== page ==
Logic of graphs

In the mathematical fields of graph theory and finite model theory, the logic of graphs deals with formal specifications of graph properties using sentences of mathematical logic. There are several variations in the types of logical operation that can be used in these sentences. The first-order logic of graphs concerns sentences in which the variables and predicates concern individual vertices and edges of a graph, while monadic second-order graph logic allows quantification over sets of vertices or edges. Logics based on least fixed point operators allow more general predicates over tuples of vertices, but these predicates can only be constructed through fixed-point operators, restricting their power to an intermediate level between first order and monadic second order.

A sentence may be true for some graphs, and false for others; a graph is said to model , written , if is true of the vertices and adjacency relation of . The algorithmic problem of model checking concerns testing whether a given graph models a given sentence. The algorithmic problem of satisfiability concerns testing whether there exists a graph that models a given sentence. Although both model checking and satisfiability are hard in general, several major algorithmic meta-theorems show that properties expressed in this way can be tested efficiently for important classes of graphs.

Other topics of research in the logic of graphs include investigations of the probability that a random graph has a property specified within a particular type of logic, and methods for data compression based on finding logical sentences that are modeled by a unique graph.

First orderEdit

 
The graph shown here appears as a subgraph of an undirected graph   if and only if   models the sentence                        .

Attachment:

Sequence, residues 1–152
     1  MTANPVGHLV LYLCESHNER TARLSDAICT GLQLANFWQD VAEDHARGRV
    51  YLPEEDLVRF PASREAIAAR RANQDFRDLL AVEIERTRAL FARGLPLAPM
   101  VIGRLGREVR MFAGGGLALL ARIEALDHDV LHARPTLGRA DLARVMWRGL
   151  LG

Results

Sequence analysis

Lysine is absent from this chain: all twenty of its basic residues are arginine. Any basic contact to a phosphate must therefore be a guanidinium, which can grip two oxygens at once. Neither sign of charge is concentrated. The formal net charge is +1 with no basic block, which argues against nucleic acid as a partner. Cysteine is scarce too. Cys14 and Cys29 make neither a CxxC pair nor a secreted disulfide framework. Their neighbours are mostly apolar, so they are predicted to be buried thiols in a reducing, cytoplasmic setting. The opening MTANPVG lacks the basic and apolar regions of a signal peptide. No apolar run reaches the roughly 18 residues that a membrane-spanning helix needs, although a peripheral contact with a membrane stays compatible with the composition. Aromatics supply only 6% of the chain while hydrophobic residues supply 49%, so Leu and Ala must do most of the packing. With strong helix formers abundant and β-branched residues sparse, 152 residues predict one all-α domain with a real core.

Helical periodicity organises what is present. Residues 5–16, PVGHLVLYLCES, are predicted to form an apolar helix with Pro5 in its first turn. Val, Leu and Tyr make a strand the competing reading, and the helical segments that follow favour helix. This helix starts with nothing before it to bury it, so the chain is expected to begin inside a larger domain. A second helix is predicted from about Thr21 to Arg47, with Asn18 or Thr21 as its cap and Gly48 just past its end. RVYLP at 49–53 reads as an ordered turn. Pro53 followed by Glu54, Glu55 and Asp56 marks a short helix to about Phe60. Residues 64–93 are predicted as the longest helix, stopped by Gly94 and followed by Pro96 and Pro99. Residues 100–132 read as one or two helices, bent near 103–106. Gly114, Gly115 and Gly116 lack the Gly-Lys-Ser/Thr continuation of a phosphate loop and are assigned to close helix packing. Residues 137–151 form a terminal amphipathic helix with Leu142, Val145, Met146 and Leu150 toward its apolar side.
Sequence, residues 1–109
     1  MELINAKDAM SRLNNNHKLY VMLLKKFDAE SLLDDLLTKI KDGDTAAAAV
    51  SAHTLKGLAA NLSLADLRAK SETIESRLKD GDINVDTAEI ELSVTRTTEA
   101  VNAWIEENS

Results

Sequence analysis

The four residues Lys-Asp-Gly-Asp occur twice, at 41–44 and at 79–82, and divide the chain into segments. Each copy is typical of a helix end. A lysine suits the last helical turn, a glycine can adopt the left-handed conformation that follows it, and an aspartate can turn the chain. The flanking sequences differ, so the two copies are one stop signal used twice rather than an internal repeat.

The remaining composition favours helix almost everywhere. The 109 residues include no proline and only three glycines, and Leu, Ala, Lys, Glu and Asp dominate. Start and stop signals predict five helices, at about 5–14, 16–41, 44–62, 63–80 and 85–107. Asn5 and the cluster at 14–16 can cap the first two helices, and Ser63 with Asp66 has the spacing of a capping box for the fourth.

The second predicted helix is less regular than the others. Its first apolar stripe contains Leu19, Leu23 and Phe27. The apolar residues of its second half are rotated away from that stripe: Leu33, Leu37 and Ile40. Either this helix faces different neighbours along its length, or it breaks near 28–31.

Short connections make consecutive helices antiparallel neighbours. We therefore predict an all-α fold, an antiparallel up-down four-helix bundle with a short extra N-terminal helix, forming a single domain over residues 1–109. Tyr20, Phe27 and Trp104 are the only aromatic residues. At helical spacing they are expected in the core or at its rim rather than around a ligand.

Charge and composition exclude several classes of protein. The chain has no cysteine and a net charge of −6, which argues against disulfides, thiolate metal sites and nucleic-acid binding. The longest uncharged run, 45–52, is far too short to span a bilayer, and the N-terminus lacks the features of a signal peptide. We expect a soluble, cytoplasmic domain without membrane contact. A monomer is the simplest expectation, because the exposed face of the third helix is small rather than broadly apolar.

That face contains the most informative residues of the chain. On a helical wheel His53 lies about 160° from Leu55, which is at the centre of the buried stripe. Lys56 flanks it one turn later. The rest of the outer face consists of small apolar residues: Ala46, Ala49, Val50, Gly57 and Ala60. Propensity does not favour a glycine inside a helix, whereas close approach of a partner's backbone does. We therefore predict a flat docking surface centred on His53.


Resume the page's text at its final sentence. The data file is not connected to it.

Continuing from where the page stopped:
In the first-order logic of graphs, a graph property is expressed as a quantified logical sentence whose variables represent graph vertices, with predicates for equality and adjacency testing.

ExamplesEdit

For instance, the condition that a graph does not have any isolated vertices may be expressed by the sentence

 

where the   symbol indicates the undirected adjacency relation between two vertices. This sentence can be interpreted as meaning that for every vertex   there is another vertex   that is adjacent to  .[1]

The subgraph isomorphism problem for a fixed subgraph H asks whether H appears as a subgraph of a larger graph G. It may be expressed by a sentence that states the existence of vertices (one for each vertex of H) such that, for each edge of H, the corresponding pair of variables represent adjacent vertices and such that, for each remaining pair of vertices of H, the corresponding pair of variables represent distinct vertices;[2] see the illustration. As a special case the clique problem (for a fixed clique size) may be expressed by a sentence that states the existence of a number of vertices equal to the clique size all of which are adjacent.

AxiomsEdit

For simple undirected graphs, the first-order theory of graphs includes the axioms

  (the graph cannot contain any loops), and
  (edges are undirected).[3]

Other types of graphs, such as directed graphs, may involve different axioms,[4] and logical formulations of multigraph properties require special handling such as having multiple edge relations[5] or separate variables for vertices and edges.[6]

Zero-one lawEdit

 
The Rado graph, an infinite graph that models exactly the first-order sentences that are almost always true of finite graphs

Glebskiĭ et al. (1969) and, independently, Fagin (1976) proved a zero–one law for first-order graph logic; Fagin's proof used the compactness theorem. According to this result, every first-order sentence is either almost always true or almost always false for random graphs in the Erdős–Rényi model. That is, let S be a fixed first-order sentence, and choose a random n-vertex graph Gn uniformly at random among all graphs on a set of n labeled vertices. Then in the limit as n tends to infinity the probability that Gn models S will tend either to zero or to one:

 

Moreover, there is a specific infinite graph, the Rado graph R, such that the sentences modeled by the Rado graph are exactly the ones for which the probability of being modeled by a random finite graph tends to one: